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Inflation is coming—and it could get political

May 11, 2021, 9:35 PM UTC

When Treasury Secretary Janet Yellen said last week that interest rates could rise, all investors heard was the I-word and stocks dropped. Yellen quickly walked back that statement: “I don’t think there’s going to be an inflationary problem, but if there is, the Fed can be counted on to address it.” 

The Federal Reserve does see prices rising at a faster pace in 2021, but Chair Jerome Powell calls it “transitory” inflation. As the economy hits full gear, prices for everything from commodities to services will spike. Lumber alone is already up 280% since the onset of the pandemic. But once the burst from pent-up demand passes, 2021 price hikes should correct. At least that’s the Fed’s narrative. 

So how are Americans reacting to the potential for price hikes? To find out, Fortune teamed up with SurveyMonkey to poll 2,113 adults in the U.S. between April 30 and May 3.* The poll’s modeled error estimate is plus or minus 3 percentage points.

The Fortune-SurveyMonkey poll finds 87% of U.S. adults are concerned about inflation, including 58% who say they are “very concerned.” That can already cause a change in consumer behavior: When people are afraid of prices rising, they spend money faster in order to lock in a price. This could result in bidding wars on things such as homes or cars.

Americans’ view of the economy often depends on whether their party occupies the White House. Just look at this past Fortune Analytics chart and see how Republicans and Democrats flipped views after Biden took office. So it isn’t surprising that the share of Republicans (75%) who are “very concerned” about inflation is much higher than Democrats (42%). And Independents (61%) are right in the middle. Given how high those concern levels are now—with inflation still pretty low on paper—it poses the question: If inflation takes off, will it become a political issue?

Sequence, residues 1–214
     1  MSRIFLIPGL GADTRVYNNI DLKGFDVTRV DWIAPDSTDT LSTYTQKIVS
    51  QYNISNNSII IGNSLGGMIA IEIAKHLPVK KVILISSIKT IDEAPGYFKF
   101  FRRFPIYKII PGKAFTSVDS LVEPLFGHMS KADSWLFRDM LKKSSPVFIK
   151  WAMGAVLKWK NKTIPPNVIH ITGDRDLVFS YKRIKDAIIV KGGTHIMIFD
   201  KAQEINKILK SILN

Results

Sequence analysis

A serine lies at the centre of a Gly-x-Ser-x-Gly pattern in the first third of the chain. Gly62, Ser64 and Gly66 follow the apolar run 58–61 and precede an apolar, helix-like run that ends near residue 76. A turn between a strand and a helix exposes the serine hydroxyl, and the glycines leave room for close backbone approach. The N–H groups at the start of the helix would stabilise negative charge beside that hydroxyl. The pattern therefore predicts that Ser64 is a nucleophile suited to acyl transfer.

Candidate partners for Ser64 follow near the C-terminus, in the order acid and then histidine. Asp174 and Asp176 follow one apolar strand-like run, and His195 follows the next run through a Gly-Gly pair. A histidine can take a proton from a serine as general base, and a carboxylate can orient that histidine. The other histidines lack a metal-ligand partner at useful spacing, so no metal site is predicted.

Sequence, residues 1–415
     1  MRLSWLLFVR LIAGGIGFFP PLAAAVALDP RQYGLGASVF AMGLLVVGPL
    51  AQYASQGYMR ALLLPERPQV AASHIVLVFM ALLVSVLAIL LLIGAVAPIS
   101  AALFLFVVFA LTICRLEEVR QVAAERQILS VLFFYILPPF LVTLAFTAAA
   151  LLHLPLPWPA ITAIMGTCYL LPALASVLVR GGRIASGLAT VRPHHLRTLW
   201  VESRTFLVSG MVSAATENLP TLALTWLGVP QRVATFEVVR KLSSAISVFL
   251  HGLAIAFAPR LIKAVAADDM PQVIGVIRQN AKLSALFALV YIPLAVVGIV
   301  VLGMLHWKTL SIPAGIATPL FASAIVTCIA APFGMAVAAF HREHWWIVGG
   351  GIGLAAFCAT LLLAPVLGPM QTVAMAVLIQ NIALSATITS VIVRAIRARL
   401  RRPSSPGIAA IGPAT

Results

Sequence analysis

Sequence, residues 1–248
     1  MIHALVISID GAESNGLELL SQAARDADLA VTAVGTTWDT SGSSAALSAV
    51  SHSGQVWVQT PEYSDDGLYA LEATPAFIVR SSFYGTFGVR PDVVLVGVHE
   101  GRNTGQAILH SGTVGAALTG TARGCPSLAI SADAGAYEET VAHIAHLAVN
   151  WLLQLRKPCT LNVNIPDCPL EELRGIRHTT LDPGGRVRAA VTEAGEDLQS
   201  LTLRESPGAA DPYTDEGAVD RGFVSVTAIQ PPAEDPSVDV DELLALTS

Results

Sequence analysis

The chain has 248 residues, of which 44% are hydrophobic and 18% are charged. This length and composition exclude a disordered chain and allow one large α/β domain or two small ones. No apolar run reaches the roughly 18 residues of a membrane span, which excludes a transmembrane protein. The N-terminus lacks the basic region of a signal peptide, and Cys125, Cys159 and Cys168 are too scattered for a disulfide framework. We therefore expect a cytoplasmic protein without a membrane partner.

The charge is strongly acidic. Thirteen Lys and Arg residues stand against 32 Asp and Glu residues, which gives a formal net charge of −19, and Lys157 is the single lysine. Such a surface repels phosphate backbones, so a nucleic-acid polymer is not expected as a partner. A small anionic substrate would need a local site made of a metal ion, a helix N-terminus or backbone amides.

Already, prices are soaring in the housing market, with the median sales price up 16% year over year. That’s the result of demographics—millennials hitting their peak home-buying years—and historically low mortgage rates combining to create an influx of buyers who bid up a limited number of homes. The number of homes for sales is down over 50% year over year, according to realtor.com.

There’s also an incredible amount of pent-up demand in the service side of the economy, for everything from nightlife to amusement parks to Airbnb rentals. That’s also setting the stage for steep price hikes. We’re already seeing a huge rise in booked flights—and upped flight prices.

But the biggest price hikes are in commodities: corn, steel, and copper, for instance. But none more so than lumber: On Friday, the price per thousand board feet of lumber soared to an all-time high of $1,414, according to Random Lengths. Since the onset of the pandemic, the price of lumber has skyrocketed 295%. This is the result of an unprecedented mismatch in lumber supply and demand—something set off by pandemic-spurred trends in TK.

The Fed very well could be right: The rapid rise in housing, commodities, and services costs is “transitory.” But that alone won’t prevent it from becoming a political issue. Just look back at the temporary oil shocks in the 1970s and 2000s—and the subsequent political backlash.

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